The Prime Minister has lamented the calibre of journalism in Trinidad and Tobago and other parts of the region.
He described the profession as being largely based on what he called “publish, beat down, 'gotcha' or simply 'he say, she say,' all largely, frequently, without context or recorded history.
“A listener, reader or viewer is not helped or educated through the democratic process when a journalist has a story that searches for a counterpoint. Full stop. That is it.”
Dr Rowley argued there must be context, a wider, deeper background within and to that story which helps the receiver.
He was delivering the keynote address at the opening of the 53rd general assembly of the Caribbean Broadcasting Union (CBU) on Monday night at the Magdalena Grand Beach & Golf Resort, Lowlands, Tobago.
The theme of the two-day event, held in collaboration with the UN Educational Scientific and Cultural Organisation (UNESCO), is Media and Information Literacy.
Rowley said journalism today must go beyond “attempts to reach Mr and Mrs So and So for comment failed.
“Again, that is it. Story gone.”
Rowley said regional journalists must see every story they write as reporting on the history and uniqueness of Caribbean condition.
“What’s been argued as free and independent reporting has to be seen wider than the metropolitan model or context and carrying that flavour of our West-Indianness.”
He said journalism must visit and keep revisiting the volumes written on the dangers of cultural imperialism and what it has done and continues to do to the minds of West Indian people, particularly its youth.
Rowley also complained that radio stations' schedules are “predominantly American pop or worse, American gangster, as opposed to meaningful conscious, West Indian music, art and drama.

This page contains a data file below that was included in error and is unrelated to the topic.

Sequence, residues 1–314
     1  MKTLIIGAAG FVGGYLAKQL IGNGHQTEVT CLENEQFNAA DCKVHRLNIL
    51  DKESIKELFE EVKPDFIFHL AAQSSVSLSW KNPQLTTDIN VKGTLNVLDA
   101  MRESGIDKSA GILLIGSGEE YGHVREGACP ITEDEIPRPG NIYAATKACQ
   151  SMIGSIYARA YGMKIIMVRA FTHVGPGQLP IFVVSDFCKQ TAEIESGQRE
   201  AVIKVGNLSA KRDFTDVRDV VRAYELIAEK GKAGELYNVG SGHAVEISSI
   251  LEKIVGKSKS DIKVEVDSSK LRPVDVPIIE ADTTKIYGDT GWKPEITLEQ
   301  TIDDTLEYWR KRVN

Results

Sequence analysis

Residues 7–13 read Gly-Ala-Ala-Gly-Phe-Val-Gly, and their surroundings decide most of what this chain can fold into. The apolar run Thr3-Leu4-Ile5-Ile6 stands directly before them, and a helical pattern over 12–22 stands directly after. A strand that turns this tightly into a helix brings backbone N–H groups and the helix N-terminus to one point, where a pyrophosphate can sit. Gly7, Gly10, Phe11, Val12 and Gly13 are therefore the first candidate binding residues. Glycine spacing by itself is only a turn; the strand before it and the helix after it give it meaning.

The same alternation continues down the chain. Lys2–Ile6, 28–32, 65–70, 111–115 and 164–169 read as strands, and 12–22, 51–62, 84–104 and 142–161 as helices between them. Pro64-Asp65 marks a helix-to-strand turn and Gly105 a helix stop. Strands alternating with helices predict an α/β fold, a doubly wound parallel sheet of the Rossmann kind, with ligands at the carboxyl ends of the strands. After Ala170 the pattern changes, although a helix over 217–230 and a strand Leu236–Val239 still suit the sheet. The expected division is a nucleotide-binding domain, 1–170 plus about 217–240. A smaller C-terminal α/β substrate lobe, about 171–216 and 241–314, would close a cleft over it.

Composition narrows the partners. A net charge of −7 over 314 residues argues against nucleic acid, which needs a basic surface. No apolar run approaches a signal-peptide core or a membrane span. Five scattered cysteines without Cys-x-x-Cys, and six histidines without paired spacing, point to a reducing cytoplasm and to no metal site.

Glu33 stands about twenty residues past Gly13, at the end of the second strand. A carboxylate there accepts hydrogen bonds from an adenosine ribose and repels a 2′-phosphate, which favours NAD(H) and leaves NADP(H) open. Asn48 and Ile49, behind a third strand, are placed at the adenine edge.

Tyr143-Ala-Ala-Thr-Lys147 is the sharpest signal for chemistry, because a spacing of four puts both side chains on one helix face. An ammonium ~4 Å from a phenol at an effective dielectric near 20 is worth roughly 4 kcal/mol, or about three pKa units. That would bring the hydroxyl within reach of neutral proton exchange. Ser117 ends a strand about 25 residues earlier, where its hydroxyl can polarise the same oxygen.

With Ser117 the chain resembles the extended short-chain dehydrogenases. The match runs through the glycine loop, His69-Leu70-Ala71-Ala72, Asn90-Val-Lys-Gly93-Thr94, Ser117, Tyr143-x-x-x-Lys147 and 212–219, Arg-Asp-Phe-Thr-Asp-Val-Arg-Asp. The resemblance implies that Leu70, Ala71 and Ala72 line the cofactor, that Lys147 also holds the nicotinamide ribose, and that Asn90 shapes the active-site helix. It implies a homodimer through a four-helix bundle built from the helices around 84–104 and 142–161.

“Worse, there are sections of the radio frequencies dedicated to the illiterate musings of the hired hitman, spewing indignation and libel for free and a fee.”
Rowley applauded the CBU and UNESCO for promoting the discussion on media and information literacy for journalism, “as a clear relevant counter to the clear and present dangers of misinformation a disinformation.”
He noted that the handbook for the assembly referred to highlights of the misinformation and disinformation dating back to the era of Cleopatra in ancient Egypt to Cambridge Analytica.
Rowley said according to verifiable reports in the British media, Cambridge Analytica's misinformation originated in TT ten-15 years ago, then went on to the “larger playfield” in the US presidential politics.
“Interestingly, as I speak to you today, those wheels are still turning in Washington, Arizona, Georgia, New York and in some quarters here in TT.”
He urged media practitioners not to take information at face value without precautionary fact-checking.
“This is the era of the big lie or just avalanche of the common or garden lies, since shame has been reduced in its societal tempering role.
“We are now required to spend so much of our time and resources debunking lies in search of the truth.”
Rowley said TT is not only known for steelpan, calypso and soca music, but “we... in part are responsible for the modern-day popularisation of misinformation and disinformation.”
Journalism in the developing world, he suggested, should focus, investigate, interpret, educate and report on the development processes of countries.
Rowley added journalists must be guardians of the Caribbean’s history and be understanding and sympathetic to the realistic challenges confronting developing islands.
“Most importantly, journalists must be able to do so without any government guidance or intervention. As such, they must cultivate and view their world with the so-called jeweller’s eye – interpreting, educating and helping their fellow citizens to locate themselves and their interests in the wider world.”